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Unexpected litter

Hi there.

The back story to the above is in intros but the upshot is we have bubs! I have 3 mice all roughly 2-4 weeks apart in ages and I'm fairly confident all female.

The babies arrived 18 days after the first 2 mice came home and while there is a slight possibility that one of the other 2 is male, 1 arrived too late to be guilty and 20 days before birth mum was in a cage with multiple baby boys so it would be a bit contrived to assume that Dad coincidently came back with us. As I didn't see the birth and the 'sister' is working as a full time nanny I've left be.

I've read up online and returned to the shop for top up advice. I know pet shops are controversial but this shop plays an active role in our local community, it wasn't done thoughtlessly on my part. The pet shop owner tried to be helpful but I'd read the same here as he said and while he offered for me to take vitamin drops, a second cage etc FOC - and offered to rehome babies (declined) I already had the things he suggested.

The babies were first seen Tuesday evening and as the nest has a perspex top I think we saw them fairly early. The youngest of the 3 mice is the only one still coming out to play. Bear (90% sure is mum) and Laura (younger) are sharing duties and while both have been out and about they seem to take shifts and return promptly.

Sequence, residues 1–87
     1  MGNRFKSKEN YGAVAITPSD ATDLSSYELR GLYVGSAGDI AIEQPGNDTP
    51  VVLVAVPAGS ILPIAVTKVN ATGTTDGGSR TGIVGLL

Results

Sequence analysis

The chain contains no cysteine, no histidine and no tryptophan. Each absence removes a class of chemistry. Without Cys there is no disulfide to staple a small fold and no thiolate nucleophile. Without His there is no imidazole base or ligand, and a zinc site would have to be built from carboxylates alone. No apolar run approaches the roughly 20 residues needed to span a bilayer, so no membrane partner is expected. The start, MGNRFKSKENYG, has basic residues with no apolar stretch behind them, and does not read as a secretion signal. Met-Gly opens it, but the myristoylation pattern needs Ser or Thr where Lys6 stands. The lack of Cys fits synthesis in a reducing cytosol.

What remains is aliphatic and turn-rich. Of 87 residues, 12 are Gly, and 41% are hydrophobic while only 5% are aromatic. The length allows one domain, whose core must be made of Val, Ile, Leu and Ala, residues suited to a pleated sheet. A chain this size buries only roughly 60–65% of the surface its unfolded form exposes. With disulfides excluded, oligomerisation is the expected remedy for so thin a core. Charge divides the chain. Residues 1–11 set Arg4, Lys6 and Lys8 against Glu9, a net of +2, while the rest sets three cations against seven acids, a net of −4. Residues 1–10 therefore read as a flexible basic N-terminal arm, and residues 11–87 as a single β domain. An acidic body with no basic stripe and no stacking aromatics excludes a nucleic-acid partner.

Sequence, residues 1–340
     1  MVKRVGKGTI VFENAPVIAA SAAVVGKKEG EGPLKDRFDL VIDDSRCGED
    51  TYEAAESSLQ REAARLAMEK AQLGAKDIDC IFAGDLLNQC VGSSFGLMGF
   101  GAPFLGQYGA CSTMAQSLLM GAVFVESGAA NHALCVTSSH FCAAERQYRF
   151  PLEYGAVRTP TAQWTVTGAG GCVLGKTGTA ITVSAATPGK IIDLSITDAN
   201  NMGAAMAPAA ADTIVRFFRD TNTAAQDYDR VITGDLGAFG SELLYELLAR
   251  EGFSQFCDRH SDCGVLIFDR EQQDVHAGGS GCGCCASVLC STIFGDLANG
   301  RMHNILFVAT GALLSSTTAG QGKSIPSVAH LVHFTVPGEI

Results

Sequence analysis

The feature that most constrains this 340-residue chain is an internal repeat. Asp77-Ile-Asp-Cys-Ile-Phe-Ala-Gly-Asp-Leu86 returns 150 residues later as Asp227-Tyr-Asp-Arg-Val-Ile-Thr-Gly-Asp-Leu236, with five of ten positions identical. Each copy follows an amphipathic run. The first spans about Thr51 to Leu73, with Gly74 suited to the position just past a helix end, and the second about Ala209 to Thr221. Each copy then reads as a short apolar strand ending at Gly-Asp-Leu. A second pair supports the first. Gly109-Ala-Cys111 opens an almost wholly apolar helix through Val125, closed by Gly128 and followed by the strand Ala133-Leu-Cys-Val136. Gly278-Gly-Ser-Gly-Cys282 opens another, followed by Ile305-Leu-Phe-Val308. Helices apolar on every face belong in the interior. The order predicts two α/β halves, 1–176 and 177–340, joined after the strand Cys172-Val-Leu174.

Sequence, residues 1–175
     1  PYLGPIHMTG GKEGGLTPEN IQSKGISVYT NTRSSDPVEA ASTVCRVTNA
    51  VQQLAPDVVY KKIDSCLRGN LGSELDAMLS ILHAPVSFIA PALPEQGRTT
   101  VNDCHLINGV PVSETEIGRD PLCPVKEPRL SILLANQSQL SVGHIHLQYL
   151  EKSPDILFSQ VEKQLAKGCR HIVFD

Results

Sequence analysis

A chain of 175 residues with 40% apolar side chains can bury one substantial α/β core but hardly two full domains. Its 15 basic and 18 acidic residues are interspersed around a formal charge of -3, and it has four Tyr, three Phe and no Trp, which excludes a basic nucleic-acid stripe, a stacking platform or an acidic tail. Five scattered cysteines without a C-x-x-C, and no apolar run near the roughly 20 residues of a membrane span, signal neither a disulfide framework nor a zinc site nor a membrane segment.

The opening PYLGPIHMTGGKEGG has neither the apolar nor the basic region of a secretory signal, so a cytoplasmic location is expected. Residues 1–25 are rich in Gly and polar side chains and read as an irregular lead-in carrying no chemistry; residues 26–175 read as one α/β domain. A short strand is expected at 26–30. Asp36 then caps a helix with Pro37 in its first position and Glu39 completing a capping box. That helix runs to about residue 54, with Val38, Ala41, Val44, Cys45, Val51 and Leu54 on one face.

So here goes my questions! :

Our cage has a snap on nest that sticks out the side http://www.petdelights.co.uk/hamster-cage-3-storey-in-3-colours/ but with 4 stories not 3! This has meant I've caught glimpses of the bubs due to the see through nest top but it also means to access the babies later for taming I'll have to snap the box off and snap it open - both of which are quite intrusive and I rarely subject adult mice to it. I'm inclined to leave them be till 9 days when I would like to take advantage of nipples to sex the youngsters. I've done some reading about handling, play pen away from babies for adults etc but obviously the specifics of their nest isn't something I can find online.
Any advice welcome!

I'm not intruding at all at present and we have stopped handling the adult mice - this is partly because they've been in the nest so much. Up to the arrival of bubs I was doing what we did with the previous mice, slowing training for them to come out if they want rather than being lifted and for 2 out the 3 it was going fine but all are now declining. I would like some human scent to be on the adults prior to handling bubs at 9 days and also not to just have all 3 mice untame.
Any advice welcome!

Last of all I haven't even been able to count bubs as the nest has not been empty of care givers. Those I've seen look strong and vibrant to me - not that I have much experience to go on with mice but nothing is worrying me, nothing looks smaller etc. I think there are only 3 or 4 - I realise there may have been more but it is what it is at present and I'm glad it does not appear to be a large litter for a young mum.
Is there anything I need to do differently?

Comments

  • _AnnB_AnnB Legacy